“You’re wearing out good leather.” The man’s voice halted him finally, and he came to rest before him.

“I can’t find her,” he said, and the man bit down on the thing in his mouth.

“No, son,” he said. “An’ what’d be the use if you could?” He braced himself heartily. ”I’m afraid she’s given you the slip this time, all right,” he said. And even after he had walked away, Tucker Tommy could still hear his voice.

She had gone and was gone and there had been so much he had wanted to say, none of which he would say now because she wouldn’t be there to hear. She had given him the slip, given them all the slip. He fought back the tears that sprang into his throat and flooded up to his eyes until a great sob tore through him, shattering his taut body in a burst of young despair. And when he finally cried, his eyes were dry, but his thin shoulders twitched as though he were being held in the grip of a black fit.

He came through grief to loneliness and the chiming of the cemetery’s bell, which he was hearing now for the last time, the solemn, slow, lonesome peal matching the slow turnings of his body as he moved to go. His eyes swept the graves in this new plot without fixing their attention upon anyone, for there was nothing to remember now, no need to know how it looked because she wasn’t here any more and he wouldn’t be com­ing back. She was gone.

Smith’s account of the burial of the character of the title was to find resonance in personal experience two years later.

Odd things remain from being the Established Church; one of which is a canon law that states that clergy may not refuse to bury. Perhaps it was canon law that prompted the call from the undertaker, though more likely a desperate search for someone to handle the occasion. Being the curate, I was dispatched.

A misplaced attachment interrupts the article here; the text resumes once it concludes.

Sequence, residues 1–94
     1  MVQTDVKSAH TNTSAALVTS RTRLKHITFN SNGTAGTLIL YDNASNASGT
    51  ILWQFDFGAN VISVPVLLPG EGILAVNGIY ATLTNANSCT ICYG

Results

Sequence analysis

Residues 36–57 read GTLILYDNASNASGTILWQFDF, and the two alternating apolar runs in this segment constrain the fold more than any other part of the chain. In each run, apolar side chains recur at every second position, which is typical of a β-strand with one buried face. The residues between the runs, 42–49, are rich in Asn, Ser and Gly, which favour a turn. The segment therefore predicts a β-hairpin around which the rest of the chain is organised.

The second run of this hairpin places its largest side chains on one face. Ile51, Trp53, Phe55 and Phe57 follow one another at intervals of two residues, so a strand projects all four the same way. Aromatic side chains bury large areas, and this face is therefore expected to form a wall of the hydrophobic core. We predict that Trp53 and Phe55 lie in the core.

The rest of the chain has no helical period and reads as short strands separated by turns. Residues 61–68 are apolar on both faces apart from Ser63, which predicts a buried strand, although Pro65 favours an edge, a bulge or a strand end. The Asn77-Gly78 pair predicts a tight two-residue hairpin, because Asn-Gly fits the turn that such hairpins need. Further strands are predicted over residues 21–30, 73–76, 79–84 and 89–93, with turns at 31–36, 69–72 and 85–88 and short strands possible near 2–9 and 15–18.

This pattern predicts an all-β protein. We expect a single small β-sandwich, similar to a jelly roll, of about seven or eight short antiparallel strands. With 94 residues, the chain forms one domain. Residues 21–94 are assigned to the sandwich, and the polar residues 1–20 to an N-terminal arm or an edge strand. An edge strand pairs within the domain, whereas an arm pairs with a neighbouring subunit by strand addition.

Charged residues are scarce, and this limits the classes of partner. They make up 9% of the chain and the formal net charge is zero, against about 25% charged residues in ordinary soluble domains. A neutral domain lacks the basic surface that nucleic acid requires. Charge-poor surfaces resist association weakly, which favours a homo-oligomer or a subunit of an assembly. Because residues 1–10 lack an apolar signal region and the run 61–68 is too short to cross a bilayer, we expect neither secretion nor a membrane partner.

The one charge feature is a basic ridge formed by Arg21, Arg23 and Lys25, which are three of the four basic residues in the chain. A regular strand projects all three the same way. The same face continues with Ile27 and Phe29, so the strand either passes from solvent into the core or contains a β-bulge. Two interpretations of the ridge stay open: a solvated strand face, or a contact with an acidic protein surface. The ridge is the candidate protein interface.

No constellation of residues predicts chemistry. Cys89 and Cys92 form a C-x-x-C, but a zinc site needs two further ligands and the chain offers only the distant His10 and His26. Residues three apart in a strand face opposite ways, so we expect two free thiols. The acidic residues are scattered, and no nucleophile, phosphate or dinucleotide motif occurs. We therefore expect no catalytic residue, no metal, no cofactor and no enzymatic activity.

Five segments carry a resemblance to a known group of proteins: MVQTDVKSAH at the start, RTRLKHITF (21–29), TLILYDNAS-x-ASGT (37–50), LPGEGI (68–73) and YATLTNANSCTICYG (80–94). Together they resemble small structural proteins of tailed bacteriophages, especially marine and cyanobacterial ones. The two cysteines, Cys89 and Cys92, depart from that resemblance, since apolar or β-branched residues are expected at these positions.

The borough council had what the undertaker described as a ‘common plot’; it was what the local people called ‘paupers’ graves’. If there was no money to buy a grave, then you were interred in the common plot and your grave would be unmarked.

No-one in the parish had heard of the lady. She lived with her elderly brother who seemed to have drunk her pension as well as his own. He stood unsteadily at the graveside. There was to be no church service, simply burial prayers. The coffin was plain, without any decoration or inscription.

The gravediggers lowered the coffin and, sensing, that decency required their presence as mourners, stood in a line opposite the lady’s brother. The whole matter took no more than a few minutes. The brother ambled away without a word. I tried to call the following week, but even the gateway to the ground floor maisonette was heavily barred and barricaded.

It would be encouraging to imagine that Paul Smith’s memorial is a reminder of days long gone, that there are no more Mrs Baines, or ladies like the one laid to rest in an Ards cemetery in 1988, but that would assume a world that had changed.